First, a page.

Air that is full of pollutants might actually hide climate change in certain areas of the world, according to NASA’s Jet Propulsion Laboratory in California. This might be what happened over the Southeast region of the United States in the 1990s when warming hit the other parts of the country, but not the Southeast. 

Through the 20th century the average temperature across the country rose a total of about one degree Fahrenheit except for in the Southeast region. There the average temperature actually dropped a little bit. This strange phenomena came to be known as a “warming hole.”

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Since the 90s the warming in that area of the country has begun to heat up even more quickly, says NASA. A study published in the journal Remote Sensing includes data that indicates that an improvement in the quality of the air in the southeast may have led to the warming of the region and the loss of the warming hole.

The warming hole may have been sustained in part due to the aerosols in the air that didn’t decrease until air quality improved. Aerosols are known to block some of the sunlight and energy that would otherwise make it to the Earth’s surface either by absorbing it or reflecting it. They also help sustain clouds in the air, those clouds then increase the reflectivity of Earth and also send some sunlight back to space. Together the two reflect about a quarter of the sun’s energy back out into space, according to NASA.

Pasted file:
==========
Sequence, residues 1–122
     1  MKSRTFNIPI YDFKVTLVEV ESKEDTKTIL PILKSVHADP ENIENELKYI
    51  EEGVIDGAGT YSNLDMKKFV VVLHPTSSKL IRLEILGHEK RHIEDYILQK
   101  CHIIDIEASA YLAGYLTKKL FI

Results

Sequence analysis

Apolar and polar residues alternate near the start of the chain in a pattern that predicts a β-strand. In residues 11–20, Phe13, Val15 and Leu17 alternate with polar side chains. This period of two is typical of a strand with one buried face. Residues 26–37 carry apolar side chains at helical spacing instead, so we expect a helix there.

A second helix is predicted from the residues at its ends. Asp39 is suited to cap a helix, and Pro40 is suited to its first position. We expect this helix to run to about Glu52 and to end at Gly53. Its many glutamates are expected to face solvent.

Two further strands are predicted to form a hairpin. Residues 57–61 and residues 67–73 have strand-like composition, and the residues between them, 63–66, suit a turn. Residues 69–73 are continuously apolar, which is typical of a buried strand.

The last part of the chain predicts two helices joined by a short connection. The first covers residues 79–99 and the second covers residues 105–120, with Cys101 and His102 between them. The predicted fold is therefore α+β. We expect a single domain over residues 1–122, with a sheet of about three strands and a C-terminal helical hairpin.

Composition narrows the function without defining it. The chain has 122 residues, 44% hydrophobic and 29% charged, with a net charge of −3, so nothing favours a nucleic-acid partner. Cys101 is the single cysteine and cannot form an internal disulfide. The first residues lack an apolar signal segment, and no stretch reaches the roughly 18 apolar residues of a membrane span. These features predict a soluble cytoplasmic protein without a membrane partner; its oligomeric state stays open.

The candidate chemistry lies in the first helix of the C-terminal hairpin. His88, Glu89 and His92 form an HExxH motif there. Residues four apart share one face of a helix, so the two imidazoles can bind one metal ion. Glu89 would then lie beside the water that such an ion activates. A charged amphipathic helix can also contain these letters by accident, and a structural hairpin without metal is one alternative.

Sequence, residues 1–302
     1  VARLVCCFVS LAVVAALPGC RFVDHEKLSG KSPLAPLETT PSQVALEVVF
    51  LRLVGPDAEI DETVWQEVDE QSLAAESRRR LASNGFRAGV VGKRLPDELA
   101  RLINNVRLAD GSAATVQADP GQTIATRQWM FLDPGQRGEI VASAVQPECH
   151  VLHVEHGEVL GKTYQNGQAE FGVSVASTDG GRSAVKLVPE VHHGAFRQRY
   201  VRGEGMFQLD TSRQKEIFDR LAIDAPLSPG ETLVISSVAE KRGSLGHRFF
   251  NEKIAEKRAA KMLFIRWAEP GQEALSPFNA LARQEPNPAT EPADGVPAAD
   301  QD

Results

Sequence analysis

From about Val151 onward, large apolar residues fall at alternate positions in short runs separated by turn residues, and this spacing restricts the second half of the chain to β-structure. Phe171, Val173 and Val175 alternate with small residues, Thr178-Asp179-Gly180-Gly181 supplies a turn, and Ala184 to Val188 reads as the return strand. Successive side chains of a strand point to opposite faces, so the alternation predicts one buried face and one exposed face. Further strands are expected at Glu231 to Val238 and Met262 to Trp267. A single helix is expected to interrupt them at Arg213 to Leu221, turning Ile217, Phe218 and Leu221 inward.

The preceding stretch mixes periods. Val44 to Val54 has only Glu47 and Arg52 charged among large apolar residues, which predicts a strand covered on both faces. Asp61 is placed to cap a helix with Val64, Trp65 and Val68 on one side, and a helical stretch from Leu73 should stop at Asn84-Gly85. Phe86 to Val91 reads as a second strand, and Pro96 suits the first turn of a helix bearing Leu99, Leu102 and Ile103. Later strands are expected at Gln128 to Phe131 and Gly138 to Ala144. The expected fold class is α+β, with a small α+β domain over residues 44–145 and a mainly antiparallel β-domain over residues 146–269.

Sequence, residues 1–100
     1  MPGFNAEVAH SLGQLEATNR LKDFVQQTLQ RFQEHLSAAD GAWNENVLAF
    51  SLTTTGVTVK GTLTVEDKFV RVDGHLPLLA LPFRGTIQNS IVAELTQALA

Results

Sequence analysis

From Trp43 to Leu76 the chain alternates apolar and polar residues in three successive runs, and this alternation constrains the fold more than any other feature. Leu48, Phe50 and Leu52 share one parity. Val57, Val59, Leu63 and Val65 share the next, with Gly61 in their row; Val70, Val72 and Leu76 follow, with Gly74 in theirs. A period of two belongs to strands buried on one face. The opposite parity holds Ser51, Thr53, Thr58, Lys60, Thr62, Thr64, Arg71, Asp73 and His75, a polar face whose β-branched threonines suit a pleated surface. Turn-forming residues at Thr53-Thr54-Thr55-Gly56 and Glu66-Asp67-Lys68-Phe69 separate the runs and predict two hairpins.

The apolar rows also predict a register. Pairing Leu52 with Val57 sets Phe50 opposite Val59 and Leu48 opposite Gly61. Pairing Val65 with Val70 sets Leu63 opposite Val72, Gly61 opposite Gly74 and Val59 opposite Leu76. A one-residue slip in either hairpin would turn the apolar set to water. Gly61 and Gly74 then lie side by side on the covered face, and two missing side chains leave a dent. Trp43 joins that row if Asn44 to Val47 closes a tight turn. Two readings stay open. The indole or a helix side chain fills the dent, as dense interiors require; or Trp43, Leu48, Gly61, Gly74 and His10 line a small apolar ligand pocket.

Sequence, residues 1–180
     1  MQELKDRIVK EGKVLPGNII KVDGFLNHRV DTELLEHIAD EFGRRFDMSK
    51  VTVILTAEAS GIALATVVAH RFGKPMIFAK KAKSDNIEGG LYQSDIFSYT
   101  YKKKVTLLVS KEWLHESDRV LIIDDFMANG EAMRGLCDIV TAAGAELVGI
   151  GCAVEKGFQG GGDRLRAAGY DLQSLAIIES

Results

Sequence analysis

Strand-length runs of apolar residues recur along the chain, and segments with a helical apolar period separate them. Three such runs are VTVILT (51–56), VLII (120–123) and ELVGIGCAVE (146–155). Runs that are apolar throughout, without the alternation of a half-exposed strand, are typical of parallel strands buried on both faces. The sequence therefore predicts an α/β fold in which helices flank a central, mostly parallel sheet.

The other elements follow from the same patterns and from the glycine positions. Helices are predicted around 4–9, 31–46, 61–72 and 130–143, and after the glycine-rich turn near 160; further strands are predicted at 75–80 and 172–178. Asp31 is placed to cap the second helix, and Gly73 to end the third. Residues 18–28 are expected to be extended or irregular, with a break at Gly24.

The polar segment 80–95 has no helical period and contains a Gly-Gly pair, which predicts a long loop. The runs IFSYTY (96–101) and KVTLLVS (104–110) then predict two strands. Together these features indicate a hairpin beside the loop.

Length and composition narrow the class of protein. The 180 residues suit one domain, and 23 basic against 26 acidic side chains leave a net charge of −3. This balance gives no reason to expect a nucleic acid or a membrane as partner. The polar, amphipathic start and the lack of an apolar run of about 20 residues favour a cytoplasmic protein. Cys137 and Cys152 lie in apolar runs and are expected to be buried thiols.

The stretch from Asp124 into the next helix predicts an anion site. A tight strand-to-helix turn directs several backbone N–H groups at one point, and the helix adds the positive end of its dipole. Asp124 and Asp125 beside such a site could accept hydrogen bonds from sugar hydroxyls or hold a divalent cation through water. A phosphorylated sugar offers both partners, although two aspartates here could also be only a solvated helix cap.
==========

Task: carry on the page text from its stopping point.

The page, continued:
When these aerosols decreased, the amount of energy from the sun making it to the Earth’s surface increased and so did the temperature. To find the connection between the aerosols decreasing and the warming, the researchers looked at satellite based data of aerosol vertical profiles with one-dimensional radiative transfer model and observed surface temperatures, says the study.

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From 2000 to 2015 the researchers found that in the Southeast summertime temperatures increased by about one and a half degrees Fahrenheit, the aerosols decreased by 20 percent during that time. The decline was likely due to changing Environmental Protection Agency standards that put more strict caps on aerosol concentration, says NASA.

A similar trend took place in Europe after 1980 regulations to the air there were implemented. Researchers are not curious as to whether the same phenomena will occur over China and India once the air quality there improves, says NASA. Knowing what to expect in situations like this one helps create better climate models and helps policy makers create stronger policy Mika Tosca, team leader and JPL researcher, told NASA.